Why does it matter what story we tell? Stories shape our expectations—If you thought you were in a horror movie you would know never to go into a dark place alone. But if you are in children’s fantasy novel, that dark wardrobe might be the start of an amazing adventure. If we expect something to happen, and we see a path that leads in that direction, it seems natural and right to follow it.
Stories shape our attitudes. We could look at, for example the Rich Housewives of Atlanta and say “I will never be wealthy and famous like them, my life is unimportant. I lost the great lottery when I was born because I’ll never experience that.” Or I could look at the exact same life and notice that I have a roof over my head, and food to eat, and a community of people who care for one another. I could remember that even Americans at the bottom end of income inequality live better than 68% of the world’s population[i], and we could be filled with gratitude for our amazing good fortune, and spend our lives trying to share the amazing gifts we have received. I can't seem to find that one on cable though... The stories we tell give meaning to our experience.
One of the most important stories of our time is the story we are telling about Global Climate Disruption. Per Espen Stoknes, a Norwegian Economist and Psychologist, has taken on the question- if Climate Change is such a big deal, why aren’t we doing more about it? He came to a number of very interesting conclusions, using research from a wide range of disciplines. One of the findings that spoke loudly to me is that when we tell ourselves over and over that the apocalypse is coming, it renders us feeling too powerless to act. He writes “climate messages have been unpalatable because they – in their apocalypse form – evoke fear, guilt and helplessness…. Any story that tells me that my identity and lifestyle are wrong and destructive will be subconsciously resisted.” [p. 149] “When Climate change is framed as an encroaching disaster that can only be addressed by loss, cost and sacrifice, it creates a wish to avoid the topic. We’re predictably averse to losses. With a lack of practical solutions, helpless grows and the fear message backfires. We’ve heard that “the end is nigh” so many times, it no longer really registers” [p. 82] We tell the story so often that “it’s all going to hell” hoping it will spur us to action. But instead of driving us to work harder, we are paralyzed by despair.
David Korten, author, activist and former professor of the Harvard Business School, identifies 3 basic stories that he believes underlie 21st century American life.[ii] He talks about the “distant patriarch” story- in which a distant God is running the show and is “Creation’s sole source of agency and meaning.” This is the story folks are living inside of when they say “we don’t need to worry about Global warming- God will take care of us.”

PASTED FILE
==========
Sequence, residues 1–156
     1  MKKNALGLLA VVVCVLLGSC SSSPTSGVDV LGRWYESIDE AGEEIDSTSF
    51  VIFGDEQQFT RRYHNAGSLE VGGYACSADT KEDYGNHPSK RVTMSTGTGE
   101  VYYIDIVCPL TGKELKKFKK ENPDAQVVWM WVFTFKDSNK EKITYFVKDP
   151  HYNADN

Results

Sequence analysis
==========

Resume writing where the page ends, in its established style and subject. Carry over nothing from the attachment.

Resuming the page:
Then there’s the “Grand Machine” story, which Korten says comes from the lineage of science; the world is just one big machine, driven by its own mechanisms and random chance, without purpose or meaning. We humans are driven by evolutionary self-interest to pursue profit and financial security for ourselves and our genetic line. “Economists urged us to turn to money as our ultimate measure of value and look to markets as our moral compass.” If you live inside this story, it’s hard to imagine any future for ourselves other than the inevitable depletion of the earth’s resources for our personal profit.
Then there is the “Mystical Unity” story; all that we experience is only an illusion, all that is real is our one-ness with the divine. If you live inside this story, you have no obligation to work to turn back climate change, because our world is only an illusion. A life of meditation and prayer is the only sensible choice.
I do agree with Korten that these 3 stories are very powerful in our times, but I look at Korten’s 3 stories, something doesn’t quite fit our story as Unitarian Universalists. I think the UUs have always found gaps those stories. We’ve long challenged the Distant Patriarch story, arguing since our earliest days that humans have fee will and what we do matters. As a religion born out of the enlightenment, we often fall under the sway of the great machine story, but we tell a different version. If the machine has no intrinsic meaning, we have long understood it is up to us to provide that meaning, to create together a meaning that leads not to a competition of wealth acquisition, but to the greatest good for all. We challenge the Mystic Unity story as well- while we believe deeply in the underlying oneness of all things, still we have always rolled up our sleeves to be part of co-creating a world of opportunity and justice. Because of that very oneness we hear the suffering of others and want to help. Our hymnal is full of songs inspiring us to “roll up our sleeves.”